Calaveras Public Health Officer, Dr. Dean Kelaita, Tuesday announced that Public Health Services is investigating a child diagnosed with measles traveling through Calaveras County to ensure no local residents were infected. The unvaccinated child resides in Nevada County and developed measles after returning to California from traveling overseas. The child has fully recovered but many people have been exposed, including residents of Amador and Calaveras counties.
“The people exposed to the child with measles have tested negative for the disease. At this time no Calaveras county residents have contracted measles” said Dr. Kelaita. “It is very concerning to receive a report of a child with measles traveling through our community because we have seen a decrease in the numbers of children protected with vaccinations in Calaveras”.
Measles is a highly contagious, viral disease that is spread through the air when a person sick with the disease coughs or sneezes. Symptoms begin with fever, cough, runny nose and red, watery eyes. These symptoms are followed by a rash that typically appears on the face along the hairline or behind the ears and spreads to the rest of the body. An individual is infectious from four days before the rash starts through four days after the rash appears.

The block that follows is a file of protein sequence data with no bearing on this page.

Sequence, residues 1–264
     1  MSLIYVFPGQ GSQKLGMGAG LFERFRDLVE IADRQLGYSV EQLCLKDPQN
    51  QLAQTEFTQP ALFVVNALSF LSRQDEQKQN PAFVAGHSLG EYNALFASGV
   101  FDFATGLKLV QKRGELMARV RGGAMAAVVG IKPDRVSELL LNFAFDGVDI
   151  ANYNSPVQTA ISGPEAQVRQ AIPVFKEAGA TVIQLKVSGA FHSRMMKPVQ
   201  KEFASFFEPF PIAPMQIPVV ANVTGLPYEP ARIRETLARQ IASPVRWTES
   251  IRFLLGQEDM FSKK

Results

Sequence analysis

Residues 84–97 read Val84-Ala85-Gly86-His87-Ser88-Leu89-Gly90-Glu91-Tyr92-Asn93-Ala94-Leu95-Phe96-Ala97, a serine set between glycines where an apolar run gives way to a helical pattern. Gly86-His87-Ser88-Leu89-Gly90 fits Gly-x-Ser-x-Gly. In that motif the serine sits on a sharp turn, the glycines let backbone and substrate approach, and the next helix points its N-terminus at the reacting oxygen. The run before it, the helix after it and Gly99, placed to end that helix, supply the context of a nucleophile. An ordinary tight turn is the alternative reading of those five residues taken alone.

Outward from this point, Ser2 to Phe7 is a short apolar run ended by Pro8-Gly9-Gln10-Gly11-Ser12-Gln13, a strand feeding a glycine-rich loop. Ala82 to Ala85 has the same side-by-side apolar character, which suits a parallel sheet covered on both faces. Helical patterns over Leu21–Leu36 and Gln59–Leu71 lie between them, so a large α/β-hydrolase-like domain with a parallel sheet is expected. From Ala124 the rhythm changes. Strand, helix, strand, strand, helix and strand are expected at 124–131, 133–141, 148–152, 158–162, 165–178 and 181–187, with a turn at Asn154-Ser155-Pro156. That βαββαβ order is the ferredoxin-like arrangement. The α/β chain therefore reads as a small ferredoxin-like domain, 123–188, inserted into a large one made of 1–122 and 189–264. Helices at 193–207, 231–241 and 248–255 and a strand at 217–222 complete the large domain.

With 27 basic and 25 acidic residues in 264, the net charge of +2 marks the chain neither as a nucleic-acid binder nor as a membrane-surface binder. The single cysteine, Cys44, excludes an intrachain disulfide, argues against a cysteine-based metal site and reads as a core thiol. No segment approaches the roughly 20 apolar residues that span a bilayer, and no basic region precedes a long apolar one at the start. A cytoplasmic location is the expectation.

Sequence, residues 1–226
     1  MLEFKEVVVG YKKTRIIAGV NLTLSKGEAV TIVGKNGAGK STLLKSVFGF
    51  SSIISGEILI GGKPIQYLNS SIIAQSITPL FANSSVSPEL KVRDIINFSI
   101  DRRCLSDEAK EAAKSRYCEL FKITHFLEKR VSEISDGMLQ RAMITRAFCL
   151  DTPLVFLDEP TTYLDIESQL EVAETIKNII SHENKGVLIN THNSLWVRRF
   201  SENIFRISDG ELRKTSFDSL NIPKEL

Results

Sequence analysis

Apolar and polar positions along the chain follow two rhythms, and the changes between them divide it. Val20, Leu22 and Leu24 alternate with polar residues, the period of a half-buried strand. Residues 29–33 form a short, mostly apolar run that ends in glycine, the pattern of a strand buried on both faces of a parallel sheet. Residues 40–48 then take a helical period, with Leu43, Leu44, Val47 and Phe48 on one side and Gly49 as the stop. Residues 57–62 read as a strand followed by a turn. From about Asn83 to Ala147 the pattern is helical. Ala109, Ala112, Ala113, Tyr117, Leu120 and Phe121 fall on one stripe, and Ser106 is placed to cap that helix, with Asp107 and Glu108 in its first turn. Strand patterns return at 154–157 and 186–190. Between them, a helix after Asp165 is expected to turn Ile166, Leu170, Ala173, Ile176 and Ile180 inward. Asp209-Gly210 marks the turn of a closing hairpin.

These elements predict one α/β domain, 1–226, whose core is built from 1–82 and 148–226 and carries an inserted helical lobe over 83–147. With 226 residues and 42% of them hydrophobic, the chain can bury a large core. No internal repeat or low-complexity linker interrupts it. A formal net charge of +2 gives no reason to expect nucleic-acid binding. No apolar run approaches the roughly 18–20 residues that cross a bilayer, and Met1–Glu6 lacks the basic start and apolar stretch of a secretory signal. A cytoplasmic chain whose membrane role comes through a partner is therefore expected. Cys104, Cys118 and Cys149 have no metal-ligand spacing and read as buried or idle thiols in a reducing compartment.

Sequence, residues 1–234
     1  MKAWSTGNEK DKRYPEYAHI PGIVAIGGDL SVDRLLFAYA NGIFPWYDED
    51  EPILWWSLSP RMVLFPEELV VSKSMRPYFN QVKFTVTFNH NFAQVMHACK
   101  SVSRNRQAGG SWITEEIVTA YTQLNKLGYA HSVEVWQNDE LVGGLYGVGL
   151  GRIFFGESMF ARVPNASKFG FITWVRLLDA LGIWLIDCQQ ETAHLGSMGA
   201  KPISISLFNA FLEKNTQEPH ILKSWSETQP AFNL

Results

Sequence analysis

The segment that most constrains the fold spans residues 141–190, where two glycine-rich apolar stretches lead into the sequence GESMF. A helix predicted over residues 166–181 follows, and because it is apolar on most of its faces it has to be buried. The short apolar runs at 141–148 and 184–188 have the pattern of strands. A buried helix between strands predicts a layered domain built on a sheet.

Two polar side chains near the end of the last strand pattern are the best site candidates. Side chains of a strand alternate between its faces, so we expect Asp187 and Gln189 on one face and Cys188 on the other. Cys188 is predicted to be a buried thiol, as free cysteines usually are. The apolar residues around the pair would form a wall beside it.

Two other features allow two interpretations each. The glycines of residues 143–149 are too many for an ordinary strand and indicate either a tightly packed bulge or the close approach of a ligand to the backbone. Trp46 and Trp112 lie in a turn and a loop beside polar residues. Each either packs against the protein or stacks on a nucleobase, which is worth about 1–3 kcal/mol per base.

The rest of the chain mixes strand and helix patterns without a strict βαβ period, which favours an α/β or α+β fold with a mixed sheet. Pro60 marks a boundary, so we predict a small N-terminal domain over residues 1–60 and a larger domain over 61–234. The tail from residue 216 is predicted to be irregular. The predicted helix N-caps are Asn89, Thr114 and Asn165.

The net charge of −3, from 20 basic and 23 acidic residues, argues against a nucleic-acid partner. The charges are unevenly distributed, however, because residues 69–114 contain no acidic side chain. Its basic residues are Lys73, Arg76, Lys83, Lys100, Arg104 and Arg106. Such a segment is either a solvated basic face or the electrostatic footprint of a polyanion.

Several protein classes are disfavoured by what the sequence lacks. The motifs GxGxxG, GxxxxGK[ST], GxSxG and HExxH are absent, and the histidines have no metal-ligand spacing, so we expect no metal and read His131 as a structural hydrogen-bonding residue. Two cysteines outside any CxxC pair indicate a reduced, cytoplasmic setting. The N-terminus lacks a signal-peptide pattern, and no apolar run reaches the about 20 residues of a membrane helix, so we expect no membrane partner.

Complications of measles can include diarrhea, ear infections and pneumonia. Severe complications can be fatal. Infants, pregnant women and people with a weakened immune system are more at risk for complications from measles.
Two doses of measles, mumps and rubella (MMR) vaccine are recommended for school-aged children. The first dose of MMR vaccine is given at 12 to 15 months of age. The second dose of MMR vaccine is usually given at four to six years of age. Anyone traveling internationally outside the United States should ensure they have received full measles vaccination. Two doses of MMR vaccine are approximately 97 percent effective at preventing measles infection.
“Measles is a completely preventable disease”, said Dr. Kelaita, “Parents should check their children’s shot records and ensure they are fully protected against measles.”